However, the impact of CTIS and the EU Clinical Trials Regulation (CTR) is causing “heartburn” for sponsors, as reduced timelines and changes in workflow to move faster are never well received, says Potgieter. Indeed, new requirements are putting a lot of pressure on sponsors as shorter trial applications and question response timelines mean increased coordination between multiple stakeholders, notes Memari.
Additional pressure and penalties may make it more prohibitive to conduct studies in Europe and sponsors may consider going elsewhere, Memari says. This was also reflected in conversations regarding EU Pharmaceutical Legislation, which may stifle innovation. The EMA itself did not deliver on promised timelines to respond to trial applications, but while it may be reasonable for the first year of CTIS adoption, they need to be answered over the next year, she adds.
The EMA also released a reflection paper on using single-arm trials as pivotal evidence in marketing authorisation. While randomised controlled trials (RCTs) are considered a “gold standard”, there are other ways to answer research questions, Ozier says. Memari agrees that such a regulatory move will be beneficial, especially in the rare disease space, and because it can take longer to understand the data after an RCT is conducted.
UK’s ambitious trial approval scheme
While the EMA is shortening timelines for sponsors, the UK’s MHRA is doing it to itself. In October, the agency released a new scheme, which aims to accelerate trial applications for low-risk Phase III and IV trials. While this is a reasonable attempt, the scheme may be a bit too ambitious for the MHRA due to staffing needs and shortages, says Memari.
However, there are several confounding factors behind the MHRA’s initiatives. “This needs to be taken into the context of Brexit, split from EMA and forcing MHRA to have its own approval pathway without the luxury of being able to tie onto other countries’ efforts,” Potgieter explains.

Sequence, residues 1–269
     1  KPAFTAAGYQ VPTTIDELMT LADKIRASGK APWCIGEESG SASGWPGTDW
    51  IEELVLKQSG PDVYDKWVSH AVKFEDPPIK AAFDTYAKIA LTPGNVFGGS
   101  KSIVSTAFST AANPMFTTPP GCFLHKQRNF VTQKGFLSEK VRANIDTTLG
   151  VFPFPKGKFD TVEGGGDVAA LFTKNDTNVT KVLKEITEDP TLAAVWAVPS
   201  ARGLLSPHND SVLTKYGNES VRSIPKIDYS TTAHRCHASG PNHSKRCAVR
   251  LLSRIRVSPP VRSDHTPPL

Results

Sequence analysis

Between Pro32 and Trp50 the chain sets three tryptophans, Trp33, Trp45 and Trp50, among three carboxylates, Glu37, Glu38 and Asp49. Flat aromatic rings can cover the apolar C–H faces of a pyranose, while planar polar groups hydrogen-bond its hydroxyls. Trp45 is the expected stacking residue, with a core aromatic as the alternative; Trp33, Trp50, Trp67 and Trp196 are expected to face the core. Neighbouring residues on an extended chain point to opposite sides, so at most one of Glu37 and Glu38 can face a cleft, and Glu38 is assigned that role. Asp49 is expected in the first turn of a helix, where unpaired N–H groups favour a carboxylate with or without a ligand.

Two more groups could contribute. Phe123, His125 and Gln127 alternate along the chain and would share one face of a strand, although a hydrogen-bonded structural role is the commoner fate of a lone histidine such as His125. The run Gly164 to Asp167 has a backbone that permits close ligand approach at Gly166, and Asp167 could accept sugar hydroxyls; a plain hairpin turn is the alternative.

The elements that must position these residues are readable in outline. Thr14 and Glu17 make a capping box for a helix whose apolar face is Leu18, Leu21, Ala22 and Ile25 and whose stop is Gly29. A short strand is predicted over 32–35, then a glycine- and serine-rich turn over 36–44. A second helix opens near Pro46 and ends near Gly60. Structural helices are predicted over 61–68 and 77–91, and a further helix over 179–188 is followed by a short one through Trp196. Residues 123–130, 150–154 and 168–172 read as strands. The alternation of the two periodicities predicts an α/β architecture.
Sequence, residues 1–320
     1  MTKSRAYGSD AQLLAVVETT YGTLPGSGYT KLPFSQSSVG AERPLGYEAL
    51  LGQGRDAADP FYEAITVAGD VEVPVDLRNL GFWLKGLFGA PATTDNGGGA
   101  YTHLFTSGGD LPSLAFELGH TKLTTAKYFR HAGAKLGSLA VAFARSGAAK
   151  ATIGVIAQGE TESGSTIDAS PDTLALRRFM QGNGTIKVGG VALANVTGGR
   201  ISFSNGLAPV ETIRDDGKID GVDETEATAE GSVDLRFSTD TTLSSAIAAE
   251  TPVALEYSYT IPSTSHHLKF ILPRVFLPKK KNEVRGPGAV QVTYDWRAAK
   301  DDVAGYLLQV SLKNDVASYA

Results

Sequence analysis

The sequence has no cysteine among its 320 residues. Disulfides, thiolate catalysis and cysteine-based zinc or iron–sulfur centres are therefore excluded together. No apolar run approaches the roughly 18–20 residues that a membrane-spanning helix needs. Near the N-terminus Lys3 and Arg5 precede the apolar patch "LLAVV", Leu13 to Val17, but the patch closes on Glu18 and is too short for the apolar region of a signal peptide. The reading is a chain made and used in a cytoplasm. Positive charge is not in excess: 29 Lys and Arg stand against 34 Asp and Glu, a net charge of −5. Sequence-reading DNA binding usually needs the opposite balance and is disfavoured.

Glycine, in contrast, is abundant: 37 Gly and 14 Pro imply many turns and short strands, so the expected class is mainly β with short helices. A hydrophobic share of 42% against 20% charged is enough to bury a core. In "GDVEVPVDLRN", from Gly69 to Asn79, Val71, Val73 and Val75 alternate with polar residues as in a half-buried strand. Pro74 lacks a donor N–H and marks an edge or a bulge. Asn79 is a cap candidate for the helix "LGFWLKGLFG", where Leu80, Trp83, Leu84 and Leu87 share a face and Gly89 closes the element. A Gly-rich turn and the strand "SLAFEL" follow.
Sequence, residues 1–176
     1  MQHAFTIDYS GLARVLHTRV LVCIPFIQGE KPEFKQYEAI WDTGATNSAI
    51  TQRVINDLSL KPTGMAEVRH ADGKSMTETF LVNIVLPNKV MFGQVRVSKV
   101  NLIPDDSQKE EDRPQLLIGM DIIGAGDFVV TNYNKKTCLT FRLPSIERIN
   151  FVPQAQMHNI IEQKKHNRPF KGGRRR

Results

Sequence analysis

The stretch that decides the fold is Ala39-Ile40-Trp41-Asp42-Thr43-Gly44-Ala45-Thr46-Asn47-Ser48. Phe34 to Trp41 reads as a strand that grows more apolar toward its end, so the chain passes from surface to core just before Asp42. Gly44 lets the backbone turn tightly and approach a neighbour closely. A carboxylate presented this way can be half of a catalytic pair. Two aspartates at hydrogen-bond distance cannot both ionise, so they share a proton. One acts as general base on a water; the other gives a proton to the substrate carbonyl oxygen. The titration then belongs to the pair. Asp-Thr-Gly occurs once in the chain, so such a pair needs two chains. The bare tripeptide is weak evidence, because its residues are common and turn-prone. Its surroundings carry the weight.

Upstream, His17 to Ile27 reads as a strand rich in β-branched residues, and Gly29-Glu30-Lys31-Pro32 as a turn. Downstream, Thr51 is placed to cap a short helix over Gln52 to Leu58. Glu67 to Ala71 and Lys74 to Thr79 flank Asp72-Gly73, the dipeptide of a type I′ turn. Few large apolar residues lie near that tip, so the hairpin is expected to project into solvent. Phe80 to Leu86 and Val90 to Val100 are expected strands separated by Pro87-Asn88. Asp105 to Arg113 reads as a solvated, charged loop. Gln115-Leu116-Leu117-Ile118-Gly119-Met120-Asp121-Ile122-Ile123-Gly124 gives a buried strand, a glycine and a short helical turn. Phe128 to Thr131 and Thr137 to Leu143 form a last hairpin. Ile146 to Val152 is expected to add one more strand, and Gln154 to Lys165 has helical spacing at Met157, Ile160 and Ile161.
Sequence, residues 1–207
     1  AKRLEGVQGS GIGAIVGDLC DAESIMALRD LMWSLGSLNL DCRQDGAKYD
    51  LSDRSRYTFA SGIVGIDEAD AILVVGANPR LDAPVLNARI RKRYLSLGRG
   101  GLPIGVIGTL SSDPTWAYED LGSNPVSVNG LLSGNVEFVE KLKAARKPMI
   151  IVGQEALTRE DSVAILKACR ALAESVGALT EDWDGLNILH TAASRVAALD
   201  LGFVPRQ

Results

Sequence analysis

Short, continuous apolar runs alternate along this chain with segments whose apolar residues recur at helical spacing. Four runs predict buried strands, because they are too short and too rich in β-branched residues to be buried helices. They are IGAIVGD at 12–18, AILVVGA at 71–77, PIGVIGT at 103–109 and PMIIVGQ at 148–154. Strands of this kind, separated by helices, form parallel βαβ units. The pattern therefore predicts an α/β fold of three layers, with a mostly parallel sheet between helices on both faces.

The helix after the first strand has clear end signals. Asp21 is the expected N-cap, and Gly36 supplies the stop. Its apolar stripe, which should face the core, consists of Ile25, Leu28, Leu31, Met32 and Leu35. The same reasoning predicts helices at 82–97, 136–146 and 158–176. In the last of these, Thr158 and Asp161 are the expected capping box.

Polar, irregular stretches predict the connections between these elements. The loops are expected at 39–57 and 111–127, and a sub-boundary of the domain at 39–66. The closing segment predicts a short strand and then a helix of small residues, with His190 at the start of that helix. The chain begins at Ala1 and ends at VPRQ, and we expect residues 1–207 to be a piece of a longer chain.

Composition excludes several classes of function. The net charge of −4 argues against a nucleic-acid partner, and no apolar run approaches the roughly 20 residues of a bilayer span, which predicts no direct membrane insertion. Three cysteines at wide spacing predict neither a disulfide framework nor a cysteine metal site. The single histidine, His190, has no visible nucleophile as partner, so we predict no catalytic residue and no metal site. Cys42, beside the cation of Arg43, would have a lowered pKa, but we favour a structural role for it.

While the intent is good, it remains to be seen if this scheme is realistic and makes a meaningful difference in a short period of time, without sacrificing scientific validity and patient safety, he adds.
After several turbulent years as the number of commercial clinical trials declined, there may be a light at the end of the tunnel for the UK sector. According to the latest report by the Association of the British Pharmaceutical Industry, there has been a small increase in UK-based clinical trials in the past year. The UK government was also confident that the commercial sector will continue to improve as the industry has received several financial initiatives over the past several months.
Other notable global regulatory moves
As the EMA closed last year with the so-called Christmas gift by releasing a DCT recommendations paper and the FDA issued its draft document a few months later, it started a domino effect across the globe. During the summer, both China’s National Medical Products Administration (NMPA) and Taiwan’s FDA released their respective guidelines for DCTs.
Recently, Argentina’s National Administration of Drugs, Food and Medical Devices (ANMAT) outlined its requirements for decentralised elements in clinical pharmacology studies. Potgieter explains that is not unusual for smaller markets to piggyback off concepts that were generated by bigger regulators like the EMA or FDA.
In general, China has become a big player in the clinical development space. “We are still seeing some challenges with regards to data residency and privacy, but less so on the actual clinical side,” Potgieter says, adding that Chinese regulators are quite accepting of new digital approaches such as electronic signatures or electronic informed consent. Memari notes that China is revamping itself and is trying to make it easier for sponsors to work in the country, even if they do not have local headquarters.
On the international stage, the International Council for Harmonisation (ICH) is working to update its Good Clinical Practice (GCP) E6(R3) draft guideline. Regulators such as the FDA are basing their own guidance on the ICH’s revision. “It was good to see this 21st-century incorporation of technology, software, and remote elements and methodologies into the broader concept of clinical studies,” Potgieter notes.